If it is right that there is a cultural problem going on, what do we put that down to? In some cases, it might be a theological/missiological issue. Do some churches not see it as their role to be involved in global missions? There are an increasing number of churches that effectively reduce missions to local outreach and community service and missionaries to local Christians. At times I hear the view that local mission is global mission,(3) which is taken to mean mission involvement need not transcend local frontiers.

In many cases, the problem is not so much theoretical (theological/missiological) but operational. Churches so feel the weight of obstacles and limitations in this area (e.g. lack of vision, time, resources and expertise) that they resign themselves to not getting involved in a more substantial way. Assuming you work with a missionary organisation, are you part of the problem? Have we, as the “missions community” (or MI community), been too successful in encouraging an “outsourcing” mindset, as an alternative to fostering a “partnering and empowering” mindset with local churches?(4)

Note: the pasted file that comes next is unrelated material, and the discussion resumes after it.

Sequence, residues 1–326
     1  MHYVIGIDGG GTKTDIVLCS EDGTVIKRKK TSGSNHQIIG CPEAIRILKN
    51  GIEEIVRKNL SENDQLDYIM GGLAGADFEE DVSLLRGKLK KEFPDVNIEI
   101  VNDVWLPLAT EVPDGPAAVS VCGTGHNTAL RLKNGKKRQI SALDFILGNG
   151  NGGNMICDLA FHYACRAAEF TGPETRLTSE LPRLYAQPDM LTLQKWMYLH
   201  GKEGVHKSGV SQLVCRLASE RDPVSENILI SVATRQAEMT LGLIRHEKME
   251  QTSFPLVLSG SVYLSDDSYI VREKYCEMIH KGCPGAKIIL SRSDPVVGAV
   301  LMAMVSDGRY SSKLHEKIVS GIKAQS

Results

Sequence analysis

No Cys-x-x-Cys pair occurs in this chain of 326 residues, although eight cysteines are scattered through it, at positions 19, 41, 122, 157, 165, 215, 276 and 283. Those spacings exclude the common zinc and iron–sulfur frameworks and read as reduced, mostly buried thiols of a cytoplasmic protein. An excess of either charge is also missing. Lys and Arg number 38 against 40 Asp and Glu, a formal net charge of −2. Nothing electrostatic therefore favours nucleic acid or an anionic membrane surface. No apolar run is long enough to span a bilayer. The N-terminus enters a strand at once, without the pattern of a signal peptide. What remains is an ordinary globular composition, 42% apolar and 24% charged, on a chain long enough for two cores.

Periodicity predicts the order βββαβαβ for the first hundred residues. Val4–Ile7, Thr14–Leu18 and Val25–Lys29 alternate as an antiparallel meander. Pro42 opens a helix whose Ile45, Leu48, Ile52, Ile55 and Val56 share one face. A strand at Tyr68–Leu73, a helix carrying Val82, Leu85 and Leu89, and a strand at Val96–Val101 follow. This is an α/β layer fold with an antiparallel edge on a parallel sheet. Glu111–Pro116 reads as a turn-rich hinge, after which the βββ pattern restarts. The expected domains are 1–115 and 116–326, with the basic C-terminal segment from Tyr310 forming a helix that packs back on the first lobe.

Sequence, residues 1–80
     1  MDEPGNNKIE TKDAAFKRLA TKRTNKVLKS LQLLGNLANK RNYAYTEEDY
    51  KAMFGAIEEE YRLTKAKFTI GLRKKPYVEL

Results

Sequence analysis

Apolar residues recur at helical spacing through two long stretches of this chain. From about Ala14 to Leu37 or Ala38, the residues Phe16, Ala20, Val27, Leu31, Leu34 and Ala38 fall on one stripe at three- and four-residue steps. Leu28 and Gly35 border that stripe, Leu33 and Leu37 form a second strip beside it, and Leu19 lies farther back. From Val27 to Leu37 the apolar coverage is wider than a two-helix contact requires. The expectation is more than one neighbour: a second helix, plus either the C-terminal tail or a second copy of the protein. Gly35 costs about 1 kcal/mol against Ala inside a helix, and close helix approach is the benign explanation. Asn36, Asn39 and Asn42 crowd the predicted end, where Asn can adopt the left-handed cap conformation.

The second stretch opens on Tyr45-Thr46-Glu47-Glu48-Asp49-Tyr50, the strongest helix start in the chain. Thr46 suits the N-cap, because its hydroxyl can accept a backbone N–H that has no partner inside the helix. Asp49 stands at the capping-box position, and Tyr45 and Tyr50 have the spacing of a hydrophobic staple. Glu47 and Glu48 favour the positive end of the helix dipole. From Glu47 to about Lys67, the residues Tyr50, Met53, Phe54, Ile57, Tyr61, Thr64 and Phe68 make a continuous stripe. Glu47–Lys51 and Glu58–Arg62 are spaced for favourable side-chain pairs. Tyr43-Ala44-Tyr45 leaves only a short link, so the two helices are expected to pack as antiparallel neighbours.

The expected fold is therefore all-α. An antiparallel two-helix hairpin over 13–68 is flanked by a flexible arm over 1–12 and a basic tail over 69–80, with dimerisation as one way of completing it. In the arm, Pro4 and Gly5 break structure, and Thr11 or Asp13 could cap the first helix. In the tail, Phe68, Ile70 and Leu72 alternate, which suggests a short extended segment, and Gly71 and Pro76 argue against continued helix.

A biblical model of global missions’ engagement

The Bible gives us God’s authoritative word on what it is to be a church that is fully engaged in global missions and how, we, under God, strive towards it. We don’t have to look too hard to find rich biblical material given over to this issue! Some of Paul’s letters are best seen as early missionary prayer letters (with appropriately more emphasis on the theological underpinnings for missionary endeavour). The easiest epistles to put in this category are Romans and Philippians. Let’s consider, for instance, the book of Philippians.